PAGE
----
Navigating Health Insurance During a Divorce

A major concern for many today is the rising cost of health insurance and whether they even will have coverage in the near future. This too can be added to the list of issues and stresses that couples deal with during a divorce. Particularly for the spouse that stays at home or is self-employed, obtaining health insurance after the divorce must always be kept at the forefront. This article delves into how health insurance is affected once the couple separates and then their options once the divorce is finalized.

Health Insurance While Separated

While the couple is separated but still married, the spouse who had been maintaining the health insurance for the family will typically be required to keep that in place until a divorce is finalized. Unless the court allows otherwise, the couple is supposed to maintain the status quo. Meaning that during the separation, life insurance policies, health insurance and 401(k) beneficiary designations should all stay in place as if the couple were still together. So even in the most contentious of cases, you are not allowed to just drop your spouse from the insurance plan especially if they are not offered coverage through their own employment.

On the plus side, you do get a reduction in your support payments based upon the additional cost in premiums to cover your spouse and children. With premiums continually on the rise, this could give you a break year after year in your support. So if you already have a support order in effect and it has been some time since it’s been reviewed, it might be worthwhile to take a look and see if you are entitled to a further reduction.

Health Insurance After the Divorce

Dealing with health insurance post-divorce has become one of the most difficult issues to resolve. Once a divorce is finalized, the health insurance provider will terminate the non-employee spouse from the plan as they are no longer a dependent of the employee. So for the non-employed spouse, this makes a huge impact on their lives as they will be required to get their own insurance. Their attorney should be addressing this with them well in advance of the divorce being entered.

In the past, the typical process had been for a spouse who did not have their own health insurance to obtain COBRA (Consolidated Omnibus Budget Reconciliation Act) coverage through the ex-spouse. COBRA is a federal law that allows a person to continue health insurance coverage under certain circumstances for a set period (usually 18 to 36 months) in the event one leaves their job or retires. COBRA also applies to a person who wants to continue health insurance coverage through their ex-spouse’s plan after a divorce. Being able to continue coverage for 36 months after a divorce sounds great, except that you have to pay the total cost of the premiums out of pocket. Keep in mind, the amount that comes out of every paycheck is just a small portion of what the health insurance costs. The employer is actually covering the majority of the cost of the premium. In prior years, when premiums were much lower, this was typically still a great option. But now with premiums as high as they are, paying the full cost of the insurance often makes COBRA too costly to afford. Most are left looking to the open market to find health insurance post-divorce which still can be extremely expensive.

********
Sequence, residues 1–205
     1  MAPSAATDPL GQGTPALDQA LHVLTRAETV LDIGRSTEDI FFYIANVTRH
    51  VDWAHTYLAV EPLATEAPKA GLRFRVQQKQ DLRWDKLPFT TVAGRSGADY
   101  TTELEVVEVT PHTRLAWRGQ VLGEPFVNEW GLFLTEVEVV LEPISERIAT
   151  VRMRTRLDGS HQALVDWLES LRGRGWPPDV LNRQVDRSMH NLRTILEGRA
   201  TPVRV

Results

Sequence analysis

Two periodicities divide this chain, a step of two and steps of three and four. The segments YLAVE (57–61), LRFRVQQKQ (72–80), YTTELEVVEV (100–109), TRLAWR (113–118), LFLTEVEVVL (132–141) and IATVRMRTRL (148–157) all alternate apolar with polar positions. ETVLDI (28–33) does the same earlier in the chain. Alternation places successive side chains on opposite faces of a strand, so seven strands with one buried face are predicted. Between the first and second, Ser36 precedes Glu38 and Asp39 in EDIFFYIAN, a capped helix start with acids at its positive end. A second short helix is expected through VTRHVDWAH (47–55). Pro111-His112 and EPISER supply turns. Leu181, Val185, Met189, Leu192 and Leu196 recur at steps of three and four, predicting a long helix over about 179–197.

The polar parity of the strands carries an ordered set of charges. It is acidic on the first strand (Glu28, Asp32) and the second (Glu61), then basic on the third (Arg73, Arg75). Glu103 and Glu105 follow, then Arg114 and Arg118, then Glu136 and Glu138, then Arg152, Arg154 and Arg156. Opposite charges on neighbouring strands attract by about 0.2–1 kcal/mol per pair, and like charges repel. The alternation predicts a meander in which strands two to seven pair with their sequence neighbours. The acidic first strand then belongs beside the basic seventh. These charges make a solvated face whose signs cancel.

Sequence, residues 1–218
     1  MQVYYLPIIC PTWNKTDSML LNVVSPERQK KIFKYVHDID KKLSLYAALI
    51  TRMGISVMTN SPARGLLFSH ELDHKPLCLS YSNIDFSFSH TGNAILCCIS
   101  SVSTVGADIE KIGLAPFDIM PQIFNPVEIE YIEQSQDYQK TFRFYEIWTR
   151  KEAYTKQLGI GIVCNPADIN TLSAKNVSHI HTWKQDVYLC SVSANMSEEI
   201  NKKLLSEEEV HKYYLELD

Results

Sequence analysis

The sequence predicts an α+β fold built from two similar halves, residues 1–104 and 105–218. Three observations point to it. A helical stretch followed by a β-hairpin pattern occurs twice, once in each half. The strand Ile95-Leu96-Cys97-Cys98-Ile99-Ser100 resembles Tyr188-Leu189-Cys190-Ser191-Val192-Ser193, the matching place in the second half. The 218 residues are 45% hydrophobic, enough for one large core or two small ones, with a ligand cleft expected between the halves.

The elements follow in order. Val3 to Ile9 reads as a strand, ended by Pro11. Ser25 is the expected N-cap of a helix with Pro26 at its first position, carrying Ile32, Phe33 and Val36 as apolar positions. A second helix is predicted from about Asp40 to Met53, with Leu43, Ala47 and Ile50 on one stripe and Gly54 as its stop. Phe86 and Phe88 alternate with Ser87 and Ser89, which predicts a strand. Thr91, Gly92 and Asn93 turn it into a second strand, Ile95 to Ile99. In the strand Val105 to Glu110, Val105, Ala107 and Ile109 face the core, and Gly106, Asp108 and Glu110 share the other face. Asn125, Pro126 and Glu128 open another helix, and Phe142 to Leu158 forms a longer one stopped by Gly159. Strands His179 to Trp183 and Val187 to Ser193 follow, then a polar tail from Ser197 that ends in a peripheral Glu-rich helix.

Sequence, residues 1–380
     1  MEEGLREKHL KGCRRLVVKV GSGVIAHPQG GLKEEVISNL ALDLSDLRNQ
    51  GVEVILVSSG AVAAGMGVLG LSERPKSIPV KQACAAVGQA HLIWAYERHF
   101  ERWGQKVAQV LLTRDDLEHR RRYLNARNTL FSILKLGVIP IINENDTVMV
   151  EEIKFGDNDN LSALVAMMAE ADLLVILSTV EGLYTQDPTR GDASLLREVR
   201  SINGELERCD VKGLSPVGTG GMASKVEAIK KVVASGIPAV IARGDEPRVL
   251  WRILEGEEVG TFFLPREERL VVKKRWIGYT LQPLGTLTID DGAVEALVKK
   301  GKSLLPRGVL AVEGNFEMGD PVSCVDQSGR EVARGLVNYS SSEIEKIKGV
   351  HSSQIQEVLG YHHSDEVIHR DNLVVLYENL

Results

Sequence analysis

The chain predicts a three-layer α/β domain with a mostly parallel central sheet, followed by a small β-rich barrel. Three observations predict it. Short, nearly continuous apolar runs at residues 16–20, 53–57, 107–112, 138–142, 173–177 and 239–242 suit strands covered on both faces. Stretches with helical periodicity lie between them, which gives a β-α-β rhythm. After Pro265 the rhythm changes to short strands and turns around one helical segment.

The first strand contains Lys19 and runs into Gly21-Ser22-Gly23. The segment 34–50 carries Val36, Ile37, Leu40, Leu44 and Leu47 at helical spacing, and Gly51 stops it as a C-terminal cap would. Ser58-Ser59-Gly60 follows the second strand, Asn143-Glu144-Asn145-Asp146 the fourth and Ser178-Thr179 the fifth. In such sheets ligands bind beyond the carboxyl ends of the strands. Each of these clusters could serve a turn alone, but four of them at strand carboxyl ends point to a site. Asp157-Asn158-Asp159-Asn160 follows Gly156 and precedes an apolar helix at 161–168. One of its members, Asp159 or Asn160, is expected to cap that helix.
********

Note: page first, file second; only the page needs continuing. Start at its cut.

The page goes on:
What has become a popular method to avoid having to get ones’ own insurance, at least for a period of time, is for the parties to agree to delay the divorce decree. What this means is that the parties can sign off on their settlement agreement regarding the financial terms of their divorce, i.e. selling the house, dividing the retirement accounts, alimony, etc. but delay the court issuing the order that actually dissolves the marriage. Since under the law, the parties would still be married, the spouse can remain on the employed spouse’s health insurance. This of course requires the parties to be able to cooperate and is yet another reason why working together amicably can pay off! There are reasons why this will not be the right option for couples, such as if one of them is looking to remarry soon after the divorce. But for those who aren’t, it can be a great way for the parties to save money and soften the initial financial blow that they face from a divorce. As always, you should consult with an experienced family law attorney to discuss the specific facts of your case.

Scott Matison focuses solely on family law matters including divorce, custody, support, abuse, adoptions and name changes. He can be reached at 267-332-1175 or scott@consolelegal.com.